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Old 04-15-2006, 11:54 PM
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oldred is 100% right on the C25 gas. I have tried different mixes in the past and straight Co2 and I decided over the years I'll stay with C25 on my MIG, it just works best. I use only straight argon or helium on my TIG set up.

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Old 04-16-2006, 12:04 AM
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Quote:
Originally Posted by Bittles55
WELL I LOOKED IT UP AND IT SAYS THAT ARGON MAKES A FREE OXIDATION WELD AND THAT CO2 IS AN IMPURITY WHICH WOULD MAKE IT WEAKER I GOT THE WEBSITE IT IS http://www.jmgpt.com/html/high_purity_weld_argon.html AND WHEN I ALWAYS HAD A TANK WE JUST LEASED THE TANK AND IT WAS LIKE 60 BUCKS TO REFILL IT
C25 is best for MIG for steel. Argon or Helium is used for TIG welding. The only time I can see using Argon on a MIG would be for welding aluminum. I don't MIG aluminum as I use TIG for that. Co2 or C25 does not work for TIG welding as it sure messes up your tungstens, I know, I tried when I first got setup with TIG and tried my C25 bottle to try out my TIG, Oh well, we all live and learn.

gcrmcc
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Old 04-16-2006, 08:17 AM
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Umm.. I wonder if my welder will mig aluminum? But then I would have to switch gas I guess but it would be cool to try. Thanks for all the info.
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Old 04-17-2006, 12:29 PM
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Mine will weld aluminum. I used a try mix at the welding shop. It will get a lot hotter and get better penetration. On the west coast with all the earth quakes it was prefered when welding. The welding inspectors seem to really like the mix. I Just us co2 I have not notice a big diffrence when mix gases.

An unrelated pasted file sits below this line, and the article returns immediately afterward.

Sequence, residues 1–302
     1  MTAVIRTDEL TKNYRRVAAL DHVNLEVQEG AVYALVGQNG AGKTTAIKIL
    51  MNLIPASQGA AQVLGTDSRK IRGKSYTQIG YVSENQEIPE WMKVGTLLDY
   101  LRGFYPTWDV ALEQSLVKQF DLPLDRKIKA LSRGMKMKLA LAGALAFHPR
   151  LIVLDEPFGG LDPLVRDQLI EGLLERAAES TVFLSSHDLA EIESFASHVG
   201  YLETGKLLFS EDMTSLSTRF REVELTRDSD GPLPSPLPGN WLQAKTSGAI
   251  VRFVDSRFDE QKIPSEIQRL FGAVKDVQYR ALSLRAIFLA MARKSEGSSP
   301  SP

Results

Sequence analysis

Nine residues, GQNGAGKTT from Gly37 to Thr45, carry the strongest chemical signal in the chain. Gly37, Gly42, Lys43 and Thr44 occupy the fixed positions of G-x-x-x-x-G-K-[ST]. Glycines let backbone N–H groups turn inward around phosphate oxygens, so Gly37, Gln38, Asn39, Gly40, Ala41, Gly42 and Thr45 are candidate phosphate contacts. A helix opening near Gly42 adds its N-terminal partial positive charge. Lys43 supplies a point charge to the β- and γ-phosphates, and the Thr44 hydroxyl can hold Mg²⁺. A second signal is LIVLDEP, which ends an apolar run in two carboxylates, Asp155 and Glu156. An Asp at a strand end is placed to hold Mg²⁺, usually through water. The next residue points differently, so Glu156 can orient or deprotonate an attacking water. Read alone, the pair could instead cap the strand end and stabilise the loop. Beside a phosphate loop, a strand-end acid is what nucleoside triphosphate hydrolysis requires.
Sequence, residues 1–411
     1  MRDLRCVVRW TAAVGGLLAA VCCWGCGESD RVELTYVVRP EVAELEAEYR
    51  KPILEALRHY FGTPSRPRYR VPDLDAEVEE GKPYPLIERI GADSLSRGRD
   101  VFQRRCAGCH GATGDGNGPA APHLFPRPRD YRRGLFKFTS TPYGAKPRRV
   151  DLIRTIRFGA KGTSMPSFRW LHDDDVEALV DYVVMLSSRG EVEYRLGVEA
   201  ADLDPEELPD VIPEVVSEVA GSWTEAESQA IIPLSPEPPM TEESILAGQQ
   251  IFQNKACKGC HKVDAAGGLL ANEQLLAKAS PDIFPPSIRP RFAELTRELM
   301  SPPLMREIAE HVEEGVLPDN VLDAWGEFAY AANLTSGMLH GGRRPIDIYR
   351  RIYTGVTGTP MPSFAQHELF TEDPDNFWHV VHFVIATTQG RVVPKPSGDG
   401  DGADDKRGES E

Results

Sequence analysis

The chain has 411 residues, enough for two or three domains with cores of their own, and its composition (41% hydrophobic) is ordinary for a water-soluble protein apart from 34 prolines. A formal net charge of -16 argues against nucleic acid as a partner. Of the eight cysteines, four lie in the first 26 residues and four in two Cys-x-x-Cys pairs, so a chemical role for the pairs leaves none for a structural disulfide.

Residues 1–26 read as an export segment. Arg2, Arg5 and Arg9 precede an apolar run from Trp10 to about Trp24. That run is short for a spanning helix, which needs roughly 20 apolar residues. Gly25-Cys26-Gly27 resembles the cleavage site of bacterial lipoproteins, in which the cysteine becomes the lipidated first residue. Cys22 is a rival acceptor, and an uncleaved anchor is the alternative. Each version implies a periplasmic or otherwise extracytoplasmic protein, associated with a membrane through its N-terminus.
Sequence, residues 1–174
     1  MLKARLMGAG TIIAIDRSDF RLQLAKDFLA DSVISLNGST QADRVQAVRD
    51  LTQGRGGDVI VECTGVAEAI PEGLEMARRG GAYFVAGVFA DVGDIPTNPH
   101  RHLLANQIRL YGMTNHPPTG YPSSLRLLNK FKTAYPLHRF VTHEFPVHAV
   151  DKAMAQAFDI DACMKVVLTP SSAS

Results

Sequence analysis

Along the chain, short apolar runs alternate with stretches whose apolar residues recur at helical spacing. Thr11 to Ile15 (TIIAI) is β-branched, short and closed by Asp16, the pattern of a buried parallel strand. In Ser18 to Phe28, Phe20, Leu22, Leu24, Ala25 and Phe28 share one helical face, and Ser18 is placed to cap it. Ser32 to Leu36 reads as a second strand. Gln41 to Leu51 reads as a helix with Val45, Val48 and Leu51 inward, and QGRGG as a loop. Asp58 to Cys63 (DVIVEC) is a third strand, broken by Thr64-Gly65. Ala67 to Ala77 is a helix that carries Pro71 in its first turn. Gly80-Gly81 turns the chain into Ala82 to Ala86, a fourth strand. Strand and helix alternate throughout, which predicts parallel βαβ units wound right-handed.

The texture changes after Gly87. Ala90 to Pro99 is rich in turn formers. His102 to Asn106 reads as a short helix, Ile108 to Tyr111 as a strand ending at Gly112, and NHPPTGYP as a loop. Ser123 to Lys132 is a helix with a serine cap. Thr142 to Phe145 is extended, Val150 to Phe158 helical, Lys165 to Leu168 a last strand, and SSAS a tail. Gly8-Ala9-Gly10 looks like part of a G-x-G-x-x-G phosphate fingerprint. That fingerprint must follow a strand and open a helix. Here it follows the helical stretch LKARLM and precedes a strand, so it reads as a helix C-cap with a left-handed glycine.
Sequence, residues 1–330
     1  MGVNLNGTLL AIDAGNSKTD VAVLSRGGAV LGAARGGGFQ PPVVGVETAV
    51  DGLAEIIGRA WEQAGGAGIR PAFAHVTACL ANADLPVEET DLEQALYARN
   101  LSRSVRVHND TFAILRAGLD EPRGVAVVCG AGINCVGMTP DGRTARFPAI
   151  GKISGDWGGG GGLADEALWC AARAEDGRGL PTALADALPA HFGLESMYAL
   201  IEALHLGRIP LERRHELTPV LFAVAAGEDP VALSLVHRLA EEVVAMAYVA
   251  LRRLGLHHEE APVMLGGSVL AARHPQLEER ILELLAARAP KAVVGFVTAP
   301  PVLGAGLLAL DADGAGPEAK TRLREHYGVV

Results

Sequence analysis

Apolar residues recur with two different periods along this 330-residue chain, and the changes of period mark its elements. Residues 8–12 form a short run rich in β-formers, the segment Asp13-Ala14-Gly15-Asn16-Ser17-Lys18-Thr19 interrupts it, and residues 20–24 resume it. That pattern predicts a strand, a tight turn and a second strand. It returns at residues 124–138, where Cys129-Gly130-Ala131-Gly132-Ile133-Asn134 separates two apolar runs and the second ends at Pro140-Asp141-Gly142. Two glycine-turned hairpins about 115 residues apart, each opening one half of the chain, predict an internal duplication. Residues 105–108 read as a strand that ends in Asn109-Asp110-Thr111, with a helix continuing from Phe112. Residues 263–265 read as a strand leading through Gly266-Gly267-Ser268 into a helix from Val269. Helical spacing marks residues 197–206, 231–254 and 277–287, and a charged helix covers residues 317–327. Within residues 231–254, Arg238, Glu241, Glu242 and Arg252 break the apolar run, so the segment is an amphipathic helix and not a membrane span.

Craig
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Old 04-17-2006, 12:42 PM
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Has anyone notice that depend on where you are there are a little different takes on welding and welding at sea level it different that welding at 10,000 feet.

Craig
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Old 04-17-2006, 01:55 PM
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Never tried welding at 10,000', never thought about altitude affecting the weld What seems to be different, this is interesting. Does this only affect MIG welding?

On the larger wire sizes (the duel-shield wires anyway) I have not noticed much difference in how the weld is affected with C/25 vs CO/2 but there is some differences in the "as welded" state on some wire types so one should use the recommended gas mix for the wire being used in order to get the best possible weld with this type of wire. On the smaller commonly used solid wires of .023-.035 the C/25 yields a noticeably smoother arc with less spatter than CO/2 plus on something as thin as body panels the C/25 is less likely to burn-through. MIG welding aluminum is done all the time but on these little machines set up for steel a change of gas is required plus the welding gun (cable) should be short with a plastic or Teflon liner and should be held as straight as possible when welding in order to keep the wire from "balling up"